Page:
Changing Attitude England is disappointed by the message communicated to lesbian, gay, bisexual and transgendered (LGBT) members of our society and the Church of England in the letter to the Prime Minister sent by the Archbishops of Canterbury and York.
A polarised atmosphere was created last week by the vociferous opposition to the Goods and Services legislation organised by Christian lobby groups. Their protests provoked comment from government ministers and created an atmosphere of mistrust.
The life chances of vulnerable children can be adversely, and possibly irrevocably, affected by the prejudice which believes children should not be placed with lesbian and gay couples.
This government has legislated to create appropriate rights for LGBT people. The legislation was needed to create a more equal status for LGBT people in our society. Some Church leaders have supported the legislation while the majority have opposed it, thus continuing to create a climate of anxiety for LGBT Christians in the church.
The Revd Colin Coward, Director of Changing Attitude England, said:
“I welcome the Archbishops’ recognition that the government has been right to legislate to protect lesbian, gay, bisexual and transgender members of our society from discrimination.
“The Archbishops’ letter sends an unfortunate message to LGBT people in general and to LGBT members of the Church of England in particular:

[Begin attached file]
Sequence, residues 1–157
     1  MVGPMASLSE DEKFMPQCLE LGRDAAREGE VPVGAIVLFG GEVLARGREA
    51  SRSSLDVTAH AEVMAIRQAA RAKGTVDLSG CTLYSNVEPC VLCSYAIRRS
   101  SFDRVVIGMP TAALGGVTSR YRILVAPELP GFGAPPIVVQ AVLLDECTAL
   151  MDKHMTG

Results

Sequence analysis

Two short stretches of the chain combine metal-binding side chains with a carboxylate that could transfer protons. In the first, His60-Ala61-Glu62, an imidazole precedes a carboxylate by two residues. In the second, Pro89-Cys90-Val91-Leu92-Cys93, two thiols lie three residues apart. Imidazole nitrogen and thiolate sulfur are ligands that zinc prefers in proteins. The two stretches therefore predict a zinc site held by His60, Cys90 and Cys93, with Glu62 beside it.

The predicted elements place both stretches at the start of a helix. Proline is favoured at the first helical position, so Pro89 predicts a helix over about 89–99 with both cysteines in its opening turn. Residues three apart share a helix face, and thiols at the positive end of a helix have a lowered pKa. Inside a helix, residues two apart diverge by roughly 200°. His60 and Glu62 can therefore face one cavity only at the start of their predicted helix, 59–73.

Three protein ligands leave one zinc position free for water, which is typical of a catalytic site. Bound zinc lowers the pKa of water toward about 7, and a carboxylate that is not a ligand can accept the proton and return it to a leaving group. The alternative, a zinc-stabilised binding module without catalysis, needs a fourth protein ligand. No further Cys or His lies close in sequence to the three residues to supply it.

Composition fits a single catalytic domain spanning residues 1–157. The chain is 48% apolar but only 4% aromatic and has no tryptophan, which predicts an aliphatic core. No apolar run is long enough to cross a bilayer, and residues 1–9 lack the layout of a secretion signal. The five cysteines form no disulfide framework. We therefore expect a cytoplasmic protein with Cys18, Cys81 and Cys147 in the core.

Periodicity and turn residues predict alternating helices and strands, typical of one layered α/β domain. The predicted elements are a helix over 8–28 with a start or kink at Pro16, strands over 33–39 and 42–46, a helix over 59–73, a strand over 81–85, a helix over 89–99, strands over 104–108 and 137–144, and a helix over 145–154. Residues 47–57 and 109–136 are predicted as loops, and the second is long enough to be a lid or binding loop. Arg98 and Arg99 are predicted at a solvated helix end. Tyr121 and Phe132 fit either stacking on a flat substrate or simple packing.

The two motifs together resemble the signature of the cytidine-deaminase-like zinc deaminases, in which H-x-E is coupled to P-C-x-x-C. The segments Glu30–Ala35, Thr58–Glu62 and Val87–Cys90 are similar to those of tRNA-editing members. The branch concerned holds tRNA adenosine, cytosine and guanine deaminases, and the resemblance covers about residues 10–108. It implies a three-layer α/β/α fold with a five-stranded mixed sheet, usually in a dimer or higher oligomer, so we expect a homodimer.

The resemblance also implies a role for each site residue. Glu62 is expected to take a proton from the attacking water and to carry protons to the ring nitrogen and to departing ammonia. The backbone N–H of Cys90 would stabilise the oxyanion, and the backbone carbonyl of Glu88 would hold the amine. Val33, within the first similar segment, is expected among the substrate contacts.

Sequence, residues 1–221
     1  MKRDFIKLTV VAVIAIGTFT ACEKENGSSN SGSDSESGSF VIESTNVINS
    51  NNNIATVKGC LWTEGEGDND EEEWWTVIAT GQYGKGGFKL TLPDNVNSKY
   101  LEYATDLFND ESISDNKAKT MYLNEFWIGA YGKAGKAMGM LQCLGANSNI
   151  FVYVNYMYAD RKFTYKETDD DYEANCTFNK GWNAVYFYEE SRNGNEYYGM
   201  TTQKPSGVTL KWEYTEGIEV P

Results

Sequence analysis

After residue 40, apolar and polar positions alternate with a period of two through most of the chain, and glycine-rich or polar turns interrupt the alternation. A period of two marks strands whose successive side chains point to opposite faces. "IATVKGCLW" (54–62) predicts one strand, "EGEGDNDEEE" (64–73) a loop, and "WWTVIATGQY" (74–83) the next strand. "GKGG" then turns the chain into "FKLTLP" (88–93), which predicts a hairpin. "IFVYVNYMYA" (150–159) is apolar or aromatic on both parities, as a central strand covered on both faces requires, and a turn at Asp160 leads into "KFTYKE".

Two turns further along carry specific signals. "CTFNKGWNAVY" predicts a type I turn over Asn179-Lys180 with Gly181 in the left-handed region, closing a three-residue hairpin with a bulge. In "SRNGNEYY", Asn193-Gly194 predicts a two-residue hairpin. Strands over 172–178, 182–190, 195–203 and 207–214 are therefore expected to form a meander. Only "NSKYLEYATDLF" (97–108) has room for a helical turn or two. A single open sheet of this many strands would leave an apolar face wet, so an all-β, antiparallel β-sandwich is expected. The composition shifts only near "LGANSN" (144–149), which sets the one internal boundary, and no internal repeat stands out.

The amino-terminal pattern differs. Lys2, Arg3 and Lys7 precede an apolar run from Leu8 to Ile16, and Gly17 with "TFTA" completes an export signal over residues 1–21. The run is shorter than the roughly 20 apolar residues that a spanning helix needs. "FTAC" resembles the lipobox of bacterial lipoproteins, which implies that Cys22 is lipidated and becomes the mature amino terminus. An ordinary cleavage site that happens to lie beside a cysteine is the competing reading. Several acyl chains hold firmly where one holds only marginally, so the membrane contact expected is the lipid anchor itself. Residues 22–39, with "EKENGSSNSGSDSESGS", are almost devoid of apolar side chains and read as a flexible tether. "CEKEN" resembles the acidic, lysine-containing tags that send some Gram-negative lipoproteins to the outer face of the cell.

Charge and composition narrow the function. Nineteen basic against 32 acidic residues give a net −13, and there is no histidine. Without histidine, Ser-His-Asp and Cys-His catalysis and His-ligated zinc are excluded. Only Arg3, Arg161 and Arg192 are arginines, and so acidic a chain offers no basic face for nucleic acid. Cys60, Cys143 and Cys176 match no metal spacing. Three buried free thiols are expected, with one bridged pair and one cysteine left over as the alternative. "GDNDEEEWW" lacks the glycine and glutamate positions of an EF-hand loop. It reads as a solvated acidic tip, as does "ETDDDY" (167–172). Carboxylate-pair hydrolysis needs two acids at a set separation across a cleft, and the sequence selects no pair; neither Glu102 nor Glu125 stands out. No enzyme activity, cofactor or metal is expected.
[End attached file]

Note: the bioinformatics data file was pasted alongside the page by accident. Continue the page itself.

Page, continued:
It reinforces the idea that we are a problem for the church rather than a blessing.
It gives the impression of a Church at odds with the moral and ethical values of our society, in which LGBT are understood to have the same ability as heterosexuals to create stable relationships and parent children.
It implies a tension between the rights of particular groups in which there can be winners and losers.
“The first group of people to lose out if the Roman Catholic Church is allowed an exemption will be the children who might have been happily placed with a lesbian or gay adoptive couple. It is vitally important that the interests of vulnerable children are not relegated to the doctrinal or Biblical interpretation or prejudice of any Christian churches.
“The second group of people to lose out will be lesbian and gay couples who long to be able to adopt children.
“The third group to lose out will be LGBT people in general, who have once again been given a message from the Church implying that they are not to be trusted with children and must sacrifice certain rights because the personal conscience of certain Christians might be put at risk.
“Lesbian, gay, bisexual and transgendered Christians also have deeply held convictions. We wish to be able to marry and adopt like other members of society.
“The challenge for all of us is to ensure that any group in our society which is under threat or exposed to prejudice is protected by appropriate legislation and by the moral and spiritual authority of the Church. No-one‘s rights need to be ignored or sacrificed here, and the Archbishops need to ensure that children, young people and LGBT people in our society are properly respected and protected.”